MONTREAL — The Bruins managed just one goal in the first two games of their opening-round series against Montreal.
In Game 3 in Montreal, they had twice as many before the first intermission.
The Bruins added another early in the second for a three-goal lead, and then needed every bit of that cushion as they held off the Habs for a 4-2 victory. The win cuts Montreal's series lead to 2-1 and puts Boston right back in business. There's plenty of work left to be done, with the Bruins still needing three more wins out of the next four games, but at least they have a fighting chance now.
"I think we had a better start," Bruins coach Claude Julien said. "And I'm not necessarily talking about the early goals. The early goals certainly helped, but we had a better start. The last two games in Boston we didn't have a good start and they scored early and we know how they play when they score early. They really get in that defensive shell and make you work hard to get back in the game. Maybe playing with a lead got them out of their comfort zone a little bit."
Getting out of Boston may have helped the Bruins find some comfort. Boston has been a better road team all season long, and that tendency showed again in this one as the Bruins took quickly to the challenge of playing before 21,273 hostile fans at the Bell Centre.
"We scored some early goals which helped our confidence," Julien said. "I thought our guys were ready to play tonight and weren't as tense as they were in the first two games at home. That really helped as well. It gave us more energy."
David Krejci opened the scoring at 3:11 of the first, just three seconds after a too many men on the ice penalty to the Bruins had expired. The deafening crowd noise helped cause the confusion on Boston's first line change that led to that penalty, but the Bell Centre lost a bit of its roar after that early goal.
It got quieter when Nathan Horton banked in a shot from below the goal line, off the back of Montreal goalie Carey Price and in at 14:38 of the first. A Price miscue on a clearing attempt led to Rich Peverley's eventual game-winner at 2:02 of the second.
"It was just a lucky break," Peverley said. "Price shot it and I think it hit Rex's [Mark Recchi] shin pad and hit my glove. I didn't even see it. It hit my glove and plopped right in front of me. It was pretty lucky. I kind of fanned on it too and it just sort of fluttered into the net, but I'll take it."
That was the kind of break that the Bruins never got in the first two games. Of course, they also weren't exactly deserving of a lot of breaks in those game. Monday's effort was a different story.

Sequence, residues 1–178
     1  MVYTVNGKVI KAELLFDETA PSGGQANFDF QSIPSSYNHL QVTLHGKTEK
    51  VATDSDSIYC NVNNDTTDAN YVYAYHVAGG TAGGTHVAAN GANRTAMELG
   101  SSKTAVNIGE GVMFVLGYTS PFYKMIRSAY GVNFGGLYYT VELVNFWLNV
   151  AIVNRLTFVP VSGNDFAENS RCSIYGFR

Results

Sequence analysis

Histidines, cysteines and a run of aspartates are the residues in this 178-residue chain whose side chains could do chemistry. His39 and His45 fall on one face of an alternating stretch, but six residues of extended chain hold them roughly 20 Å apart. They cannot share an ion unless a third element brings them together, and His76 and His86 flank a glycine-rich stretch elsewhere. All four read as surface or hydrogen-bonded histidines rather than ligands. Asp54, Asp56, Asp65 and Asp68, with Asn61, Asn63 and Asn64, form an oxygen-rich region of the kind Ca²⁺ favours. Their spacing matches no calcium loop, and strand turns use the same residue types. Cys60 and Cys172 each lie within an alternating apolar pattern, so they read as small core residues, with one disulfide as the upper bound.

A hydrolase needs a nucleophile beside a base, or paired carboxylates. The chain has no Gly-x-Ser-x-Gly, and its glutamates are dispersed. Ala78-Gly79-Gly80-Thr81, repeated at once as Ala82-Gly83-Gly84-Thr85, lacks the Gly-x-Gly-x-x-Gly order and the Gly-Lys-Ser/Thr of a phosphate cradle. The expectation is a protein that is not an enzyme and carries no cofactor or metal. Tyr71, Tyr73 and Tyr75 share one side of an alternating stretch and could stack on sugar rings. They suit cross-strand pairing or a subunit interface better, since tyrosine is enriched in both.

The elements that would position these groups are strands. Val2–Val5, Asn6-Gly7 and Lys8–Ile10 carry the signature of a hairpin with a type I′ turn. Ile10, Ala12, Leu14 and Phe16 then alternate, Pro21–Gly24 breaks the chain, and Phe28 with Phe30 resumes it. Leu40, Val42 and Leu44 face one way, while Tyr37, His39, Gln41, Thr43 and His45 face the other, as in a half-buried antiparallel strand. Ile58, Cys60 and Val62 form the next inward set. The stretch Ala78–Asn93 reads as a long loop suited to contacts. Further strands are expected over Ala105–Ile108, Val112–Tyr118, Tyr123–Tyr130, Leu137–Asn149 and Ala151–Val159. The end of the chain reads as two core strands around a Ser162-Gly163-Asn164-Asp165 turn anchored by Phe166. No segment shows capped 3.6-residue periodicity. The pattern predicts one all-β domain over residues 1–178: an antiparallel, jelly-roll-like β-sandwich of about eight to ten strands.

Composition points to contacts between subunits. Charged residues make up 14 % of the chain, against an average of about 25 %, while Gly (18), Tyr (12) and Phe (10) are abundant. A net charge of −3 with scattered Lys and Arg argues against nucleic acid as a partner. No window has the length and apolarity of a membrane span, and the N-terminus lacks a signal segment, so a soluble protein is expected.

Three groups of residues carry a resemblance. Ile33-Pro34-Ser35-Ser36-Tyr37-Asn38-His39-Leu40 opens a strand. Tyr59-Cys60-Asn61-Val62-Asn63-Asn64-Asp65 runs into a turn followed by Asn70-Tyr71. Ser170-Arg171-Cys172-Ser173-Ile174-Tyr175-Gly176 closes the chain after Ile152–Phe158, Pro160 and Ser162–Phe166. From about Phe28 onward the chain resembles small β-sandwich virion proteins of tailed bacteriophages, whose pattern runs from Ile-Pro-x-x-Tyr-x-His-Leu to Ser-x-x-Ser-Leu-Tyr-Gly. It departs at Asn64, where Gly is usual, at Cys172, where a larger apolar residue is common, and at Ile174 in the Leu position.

"It feels good, but you create your own breaks," Peverley said. "Montreal did it in the first two games. They worked hard and they created their own opportunities. I thought we had a good game tonight, but it's just one game."
And in many ways, it was just one good period. After jumping out to its early lead, Boston just barely hung on as the Canadiens dominated play for the final two periods. The Habs outshot Boston 28-16 in the final 40 minutes, and cut the lead to one before Chris Kelly iced it with an empty-netter with 25.6 seconds left.
But while the Canadiens may take some solace in their comeback attempt, Julien wasn't willing to concede anything about the victory.
"When they took the lead in our building they just sat back," Julien said. "We outshot them every game and out-chanced them and they seemed to get a lot of credit for winning those games. So I don't know that I'm going to stand here and take away credit from our hockey club for hanging in there and winning a hockey game. Our guys got the lead and we had to make saves at the right time and we scored some big goals when we needed to. Take it for what it's worth, it gets us back in the series."
It also gives the Bruins an idea of what they'll need to do again on Thursday in Game 4 to pull even in the series.
"We have to," Peverley said of playing the same way on Thursday. "We're still down in the series. [The Canadiens] still played a great game. You have to give them a lot of credit. But we're going forward here. They're still in the lead and we're still the underdog here, so going into the next game we still have to have that same mentality."
The Bruins aren't going to lose the sense of desperation that fueled their effort on Monday. But they can at least enjoy the next two days in Lake Placid, where they will practice before returning to Montreal, a little bit more.
"It's definitely going to help the bus ride," said goalie Tim Thomas, who made 34 saves for the victory. "That's going to be much more enjoyable and these two days off between games are going to be much more enjoyable. But we have to be ready to go back it Thursday and find a way to end up with the same result we ended up with tonight."
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